Film and TV

Game Of Thrones: "A Golden Crown"

They could just as easily have called this episode "Exit the Dragon."

If we compare House Targaryen to the Brady Bunch daughters - which I'm going to do because I've been sick all weekend and don't have a lot of energy - then Rhaegar, killed by Robert on the Trident, was Marcia. Viserys was formerly Jan, jealous of his older sibling's accomplishments but in a position to rise up to supremacy. He wasn't prepared for the Cindy of the group (Danaerys) to steal the spotlight, and instead of getting a football to the nose, he got a pot of molten gold poured over his skull.

In retrospect, he probably should have opted for that curly brunette wig.

If we thought there was going to be immediate fallout to the Jaime-Ned altercation last week, that would seem to be delayed. Jaime, we learn, is making for Casterly Rock, the seat of Lannister power. And while Cersei is pissed about Catelyn's seizure of Tyrion (and Ned's "aggression" against her other brother), Robert isn't hearing of it. In fact, he demonstrates just what a winner he is by belting Cersei.

Of course, Robert Baratheon isn't the first guy to become an asshole once he gets a taste of power. Look what happened to Corey Feldman.

Robert also refuses Ned's resignation, telling him he gets to rule in his stead while he goes off on a hunt (nothing bad will come of this, surely). And while listening to complaints, Ned learns the Lannisters have set reavers led by Gregor "The Mountain" Clegane upon the riverlands (Catelyn's family being guardians of the river the math). Ned sentences the Mountain to death and summons Tywin Lannister to answer for his crimes. A bold move, as Littlefinger reminds him. Ned, ever the honorable one, is not dissuaded.

This is a pretty Danaerys heavy episode, or it feels that way after a big fat nothing last week. And though it's already been established that she doesn't feel pain from fire like mere non-dragons, why oh why, would she be putting those dragon eggs in the fire?

She also has to choke down a whole horse's heart to make sure her unborn child is a strong son. If only we'd known the benefits of eating horse organs before, a cousin of mine wouldn't had to have gone through six daughters to get a boy.

Meanwhile, Viserys looks to steal the eggs and sell them to raise an army. Jorah stops him, but when he gets drunk and bares steel in the Dothraki's sacred city, even Danaerys recognizes his goose is cooked. Khal Drogo relents and agrees to give him his "golden crown." Bye bye, Viserys. Family reunions would have been awkward anyway, what with all the boob touching.

Back at Winterfell, Bran gets his new saddle and promptly rides into trouble, coming across a group of wildlings from beyond the Wall fleeing the white walkers. Robb and Theon make short work of most of them (sparing the girl), but not before once again establishing the fact that young Theon has no reason to be loyal to the Starks.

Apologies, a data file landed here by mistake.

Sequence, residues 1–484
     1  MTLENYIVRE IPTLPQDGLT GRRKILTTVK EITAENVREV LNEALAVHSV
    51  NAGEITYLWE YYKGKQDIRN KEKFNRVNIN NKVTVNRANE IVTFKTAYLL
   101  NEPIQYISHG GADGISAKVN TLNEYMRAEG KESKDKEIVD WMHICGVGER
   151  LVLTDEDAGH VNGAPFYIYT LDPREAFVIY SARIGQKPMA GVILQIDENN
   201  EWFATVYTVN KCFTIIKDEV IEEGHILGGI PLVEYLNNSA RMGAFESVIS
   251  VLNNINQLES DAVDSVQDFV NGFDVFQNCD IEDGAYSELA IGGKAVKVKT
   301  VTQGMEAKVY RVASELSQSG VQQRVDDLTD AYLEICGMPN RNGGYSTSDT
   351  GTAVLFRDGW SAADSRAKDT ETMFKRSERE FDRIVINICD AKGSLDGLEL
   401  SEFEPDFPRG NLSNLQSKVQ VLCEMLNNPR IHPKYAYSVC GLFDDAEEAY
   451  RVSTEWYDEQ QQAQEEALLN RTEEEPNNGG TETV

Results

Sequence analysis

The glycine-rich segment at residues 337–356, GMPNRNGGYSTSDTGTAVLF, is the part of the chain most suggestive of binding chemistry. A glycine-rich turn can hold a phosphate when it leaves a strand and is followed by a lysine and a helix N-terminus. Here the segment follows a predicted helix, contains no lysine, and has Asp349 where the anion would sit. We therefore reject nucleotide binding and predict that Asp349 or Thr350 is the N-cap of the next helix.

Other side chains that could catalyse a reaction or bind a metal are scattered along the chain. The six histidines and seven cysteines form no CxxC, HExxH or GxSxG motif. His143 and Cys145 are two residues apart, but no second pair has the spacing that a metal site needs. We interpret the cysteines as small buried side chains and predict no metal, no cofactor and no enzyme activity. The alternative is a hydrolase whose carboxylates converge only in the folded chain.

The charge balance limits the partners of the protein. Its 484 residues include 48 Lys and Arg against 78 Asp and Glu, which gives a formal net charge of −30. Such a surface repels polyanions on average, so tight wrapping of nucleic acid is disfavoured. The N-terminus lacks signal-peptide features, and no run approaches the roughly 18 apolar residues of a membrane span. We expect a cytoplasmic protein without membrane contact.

Tyrion demands justice for his alleged crimes, and rather than trust his fate to the judgment of the still-breastfeeding Lord Robert, he requests trial by combat. Bronn agrees to stand for him, and though lightly armored, the sellsword tires out his opponent (Ser Vardys) and kills him, winning Tyrion his freedom. It's a small victory, as Faith No More might say, for he and Bronn now have to make their way through the mountains alone.

There is a telling moment afterward, however, when Lysa accuses Bronn of fighting without honor. Bronn doesn't argue, and points out his fallen opponent was the honorable one. Chivalry and virtue don't get you very far in Westeros.

And let me just say, having seen the rise of unwelcome computer generated gore in movies like Centurion and 300, it's refreshing when a production uses authentic fake blood in the the killing scenes. If they could squeeze some Ray Harryhausen stop-motion in there once or twice, I'd die a happy man.

Back in King's Landing, it appears Sansa is still an idiot, as she buys Joffrey's apology for his past "monstrous" behavior and believes him when he promises never to do it again. She might as well start practicing saying "he didn't mean to hit me" for the gold cloaks.

When Ned tells her (and Arya) he's sending them back to Riverfell for their own safety, something she says about giving Joffrey babies with blond hair strikes a chord with Ned. Checking the book Jon Arryn checked out, he realizes all Baratheons are born with black hair. Except King Robert's kids. Huh.

Next week: Ned confronts Cersei with his findings, and maybe we finally find out what's going on with Jon Snow up on the Wall.

KEEP THE HOUSTON PRESS FREE... Since we started the Houston Press, it has been defined as the free, independent voice of Houston, and we'd like to keep it that way. With local media under siege, it's more important than ever for us to rally support behind funding our local journalism. You can help by participating in our "I Support" program, allowing us to keep offering readers access to our incisive coverage of local news, food and culture with no paywalls.
Peter Vonder Haar writes movie reviews for the Houston Press and the occasional book. The first three novels in the "Clarke & Clarke Mysteries" - Lucky Town, Point Blank, and Empty Sky - are out now.
Contact: Pete Vonder Haar